Reassessing Dark Pools

Terry Flanagan

Scrutiny on equity-trading venues that are out of the ‘light’ of public exchanges is ratcheting up in the wake of allegations that a prominent Wall Street dark pool gave preferential treatment to high-frequency traders while downplaying their presence in marketing materials.

The June 25 lawsuit filed by New York Attorney General Eric Schneiderman against Barclays raises questions about the future of its LX dark pool, but market participants and operators note that in a broad sense, the utility of the trading venues will endure.

Dark pools’ raison d’être is to allow traders of large blocks of stock to transact in a way that minimizes ‘leakage’ of information regarding buying and selling interest, and thus enables more efficient trading. Some observers note the ‘dark pool’ name is unfortunate in that it implies nefarious activity may be occurring out of view, but if operated properly and above-board, the trading venues can protect investment returns of end-user investors such as pension-plan retirees.

One vital characteristic for dark pools is differentiation from exchanges.

Adam Sussman, Liquidnet

Adam Sussman, Liquidnet

“If you’re a dark pool, you should be delivering a benefit to the rest of the market,” said Adam Sussman, head of market structure and liquidity partnerships at Liquidnet. “Are you treating all clients equally, are you marketing accurately, and are you delivering benefit to the market and not just mimicking stock exchanges?”

According to press accounts, some market participants stopped routing orders to Barclays LX after the lawsuit was announced. Beyond anecdotal reports, the market is awaiting the next batch of Alternative Trading System data as reported by Financial Industry Regulatory Authority for a more definitive assessment on the impact on dark pools. For the short term, it is expected that at least some momentum, in the form of order flow, has moved toward ‘lit’ exchanges.

“There have been continued questions as to where orders are being routed and where people are interacting, and in some cases instructions to stop routing to venues where folks no longer feel comfortable,” Sussman told Markets Media. “When news like that comes out people pause, reassess the relationship, and then as more facts become available they decide about the long-term relationship.”

Dark-pool reviews are mostly happening at buy-side and mid-tier sell-side firms, noted Nitin Gambhir, chief executive of Tethys Technology.

“If the buy side is using broker algos, they are now requesting real-time information on each fill as to where the order was executed,” said Gambhir. “They want to know the exact destination of every fill.”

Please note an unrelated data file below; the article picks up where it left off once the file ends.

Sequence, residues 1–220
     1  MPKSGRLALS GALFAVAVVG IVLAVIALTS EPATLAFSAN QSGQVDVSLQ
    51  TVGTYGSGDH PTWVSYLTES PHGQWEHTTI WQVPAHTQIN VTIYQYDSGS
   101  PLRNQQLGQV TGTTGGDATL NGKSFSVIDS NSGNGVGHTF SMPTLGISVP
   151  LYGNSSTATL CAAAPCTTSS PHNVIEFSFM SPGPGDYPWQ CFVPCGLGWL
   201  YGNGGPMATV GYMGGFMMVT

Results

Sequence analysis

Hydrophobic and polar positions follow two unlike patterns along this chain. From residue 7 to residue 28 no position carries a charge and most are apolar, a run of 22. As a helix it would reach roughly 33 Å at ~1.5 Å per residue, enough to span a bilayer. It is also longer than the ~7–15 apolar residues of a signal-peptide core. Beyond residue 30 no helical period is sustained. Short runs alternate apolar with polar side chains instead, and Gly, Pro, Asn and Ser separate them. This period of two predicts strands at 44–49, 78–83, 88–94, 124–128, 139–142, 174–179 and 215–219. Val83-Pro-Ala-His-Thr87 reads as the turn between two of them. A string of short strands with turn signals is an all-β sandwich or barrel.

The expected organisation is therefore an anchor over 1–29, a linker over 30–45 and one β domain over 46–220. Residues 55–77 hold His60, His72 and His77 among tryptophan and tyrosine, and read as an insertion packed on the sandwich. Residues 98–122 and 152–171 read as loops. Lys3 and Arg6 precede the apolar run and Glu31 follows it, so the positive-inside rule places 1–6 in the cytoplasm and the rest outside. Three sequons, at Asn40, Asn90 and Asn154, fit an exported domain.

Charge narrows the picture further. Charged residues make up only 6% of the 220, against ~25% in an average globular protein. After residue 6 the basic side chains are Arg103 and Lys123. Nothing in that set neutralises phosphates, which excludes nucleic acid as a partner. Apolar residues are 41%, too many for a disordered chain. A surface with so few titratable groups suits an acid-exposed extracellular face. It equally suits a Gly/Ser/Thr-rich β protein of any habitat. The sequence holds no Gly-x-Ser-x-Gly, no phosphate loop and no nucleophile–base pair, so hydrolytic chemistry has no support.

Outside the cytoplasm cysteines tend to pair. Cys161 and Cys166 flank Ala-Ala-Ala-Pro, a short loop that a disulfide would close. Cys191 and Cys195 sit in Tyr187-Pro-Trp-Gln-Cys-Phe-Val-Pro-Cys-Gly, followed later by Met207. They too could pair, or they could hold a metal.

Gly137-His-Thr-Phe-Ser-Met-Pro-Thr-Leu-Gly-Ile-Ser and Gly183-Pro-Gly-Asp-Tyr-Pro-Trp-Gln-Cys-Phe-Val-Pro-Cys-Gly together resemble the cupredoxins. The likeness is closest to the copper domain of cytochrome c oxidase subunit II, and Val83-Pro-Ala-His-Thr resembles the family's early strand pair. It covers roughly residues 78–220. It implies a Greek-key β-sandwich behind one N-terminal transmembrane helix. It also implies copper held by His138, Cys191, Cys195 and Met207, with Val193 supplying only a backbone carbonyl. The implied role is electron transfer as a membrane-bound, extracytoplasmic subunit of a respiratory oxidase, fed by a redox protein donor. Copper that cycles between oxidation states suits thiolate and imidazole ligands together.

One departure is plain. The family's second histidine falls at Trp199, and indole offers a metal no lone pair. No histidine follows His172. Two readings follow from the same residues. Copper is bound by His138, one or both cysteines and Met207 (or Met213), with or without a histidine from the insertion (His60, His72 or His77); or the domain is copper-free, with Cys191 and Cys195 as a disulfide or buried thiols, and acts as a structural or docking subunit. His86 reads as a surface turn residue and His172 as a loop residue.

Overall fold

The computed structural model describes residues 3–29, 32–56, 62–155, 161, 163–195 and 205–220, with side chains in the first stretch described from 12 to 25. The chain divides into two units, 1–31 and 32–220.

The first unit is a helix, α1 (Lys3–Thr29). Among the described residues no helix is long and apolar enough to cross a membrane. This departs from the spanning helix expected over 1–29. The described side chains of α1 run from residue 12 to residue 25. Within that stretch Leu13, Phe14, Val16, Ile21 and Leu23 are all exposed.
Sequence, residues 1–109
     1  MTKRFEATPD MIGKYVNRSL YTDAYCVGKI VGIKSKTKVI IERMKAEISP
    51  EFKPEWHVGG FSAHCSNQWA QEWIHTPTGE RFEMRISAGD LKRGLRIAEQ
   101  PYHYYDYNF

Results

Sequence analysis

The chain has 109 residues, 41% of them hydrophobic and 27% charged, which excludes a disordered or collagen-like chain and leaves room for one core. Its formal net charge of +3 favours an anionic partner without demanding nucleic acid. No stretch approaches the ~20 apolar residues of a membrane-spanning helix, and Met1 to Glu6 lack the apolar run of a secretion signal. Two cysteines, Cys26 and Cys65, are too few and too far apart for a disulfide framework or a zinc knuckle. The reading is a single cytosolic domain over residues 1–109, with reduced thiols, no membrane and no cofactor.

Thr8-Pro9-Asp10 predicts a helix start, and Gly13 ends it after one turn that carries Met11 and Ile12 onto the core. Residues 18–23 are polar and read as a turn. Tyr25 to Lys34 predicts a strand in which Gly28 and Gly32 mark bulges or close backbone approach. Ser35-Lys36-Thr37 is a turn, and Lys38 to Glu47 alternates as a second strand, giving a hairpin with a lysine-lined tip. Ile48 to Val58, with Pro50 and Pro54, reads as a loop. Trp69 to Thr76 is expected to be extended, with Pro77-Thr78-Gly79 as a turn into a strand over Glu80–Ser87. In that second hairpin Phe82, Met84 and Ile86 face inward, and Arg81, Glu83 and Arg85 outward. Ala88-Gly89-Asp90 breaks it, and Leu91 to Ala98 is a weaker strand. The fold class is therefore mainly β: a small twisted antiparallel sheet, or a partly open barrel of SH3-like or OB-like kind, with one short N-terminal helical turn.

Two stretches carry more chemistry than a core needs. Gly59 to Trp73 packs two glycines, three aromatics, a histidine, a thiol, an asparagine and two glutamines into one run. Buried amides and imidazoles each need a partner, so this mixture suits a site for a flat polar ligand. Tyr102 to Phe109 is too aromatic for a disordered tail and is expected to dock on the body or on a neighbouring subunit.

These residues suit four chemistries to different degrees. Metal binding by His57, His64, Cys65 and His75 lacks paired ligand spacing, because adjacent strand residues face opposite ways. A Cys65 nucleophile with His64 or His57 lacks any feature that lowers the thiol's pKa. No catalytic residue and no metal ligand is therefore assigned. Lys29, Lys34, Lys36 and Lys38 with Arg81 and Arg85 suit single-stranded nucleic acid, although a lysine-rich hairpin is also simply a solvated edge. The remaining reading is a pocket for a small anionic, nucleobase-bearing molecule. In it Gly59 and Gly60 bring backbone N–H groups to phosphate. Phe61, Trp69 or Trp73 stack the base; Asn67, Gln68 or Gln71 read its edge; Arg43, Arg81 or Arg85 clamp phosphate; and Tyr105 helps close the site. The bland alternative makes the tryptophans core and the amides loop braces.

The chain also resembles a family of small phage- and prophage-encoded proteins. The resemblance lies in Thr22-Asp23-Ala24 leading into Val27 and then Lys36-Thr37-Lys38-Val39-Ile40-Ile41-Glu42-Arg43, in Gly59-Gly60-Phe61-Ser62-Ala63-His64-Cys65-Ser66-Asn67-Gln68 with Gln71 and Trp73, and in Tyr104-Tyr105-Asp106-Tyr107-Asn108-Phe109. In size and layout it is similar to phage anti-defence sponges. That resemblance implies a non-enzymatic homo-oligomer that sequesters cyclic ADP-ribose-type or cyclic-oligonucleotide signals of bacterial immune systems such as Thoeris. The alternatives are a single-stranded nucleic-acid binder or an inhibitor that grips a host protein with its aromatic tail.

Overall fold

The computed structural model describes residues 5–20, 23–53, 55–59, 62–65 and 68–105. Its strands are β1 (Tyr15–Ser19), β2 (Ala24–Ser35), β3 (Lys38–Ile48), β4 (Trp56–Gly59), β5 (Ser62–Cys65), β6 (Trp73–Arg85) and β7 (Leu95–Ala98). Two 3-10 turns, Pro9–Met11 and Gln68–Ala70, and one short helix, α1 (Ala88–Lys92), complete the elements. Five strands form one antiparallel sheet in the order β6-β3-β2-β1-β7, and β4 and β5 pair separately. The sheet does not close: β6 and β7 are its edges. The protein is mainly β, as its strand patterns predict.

Some market participants are looking at alternatives to private dark pools, one of which is a dark-pool-like trading experience on an exchange.

“‘Public dark’ is basically using hidden order types and dark order types on exchanges,” Gambhir said. “The advantages of doing that are that you’re in a regulated marketplace where the order priority and order types are disclosed have been approved by the SEC, versus dark pools where you may not know what the rules really are.”

Dark pools are challenged but the current situation can prove constructive over the longer term, provided the industry makes changes.

“For dark pools to survive and thrive in the long term, they need a standard set of rules that makes them look like exchanges in terms of order handling,” Gambhir said. “I expect a scramble by dark pool operators to standardize — essentially request the SEC or Finra to put in rules. If that happens, the question becomes what are the advantages of dark pools, and it will come down to price.”

Liquidnet’s Sussman advocates HFT-free ‘zones’, as well as midpoint execution, larger trade sizes, and more transparency.

“One of the things we’ve done, and we hope that the rest of the industry follows suit, is issue clear and frequent updates to all members about the operations of our trading venue,” Sussman said. “This includes going over and above just making that information available, and  allowing members and clients to opt in to any kind of liquidity that they deem fit.”

Featured image via NAN/Dollar Photo Club

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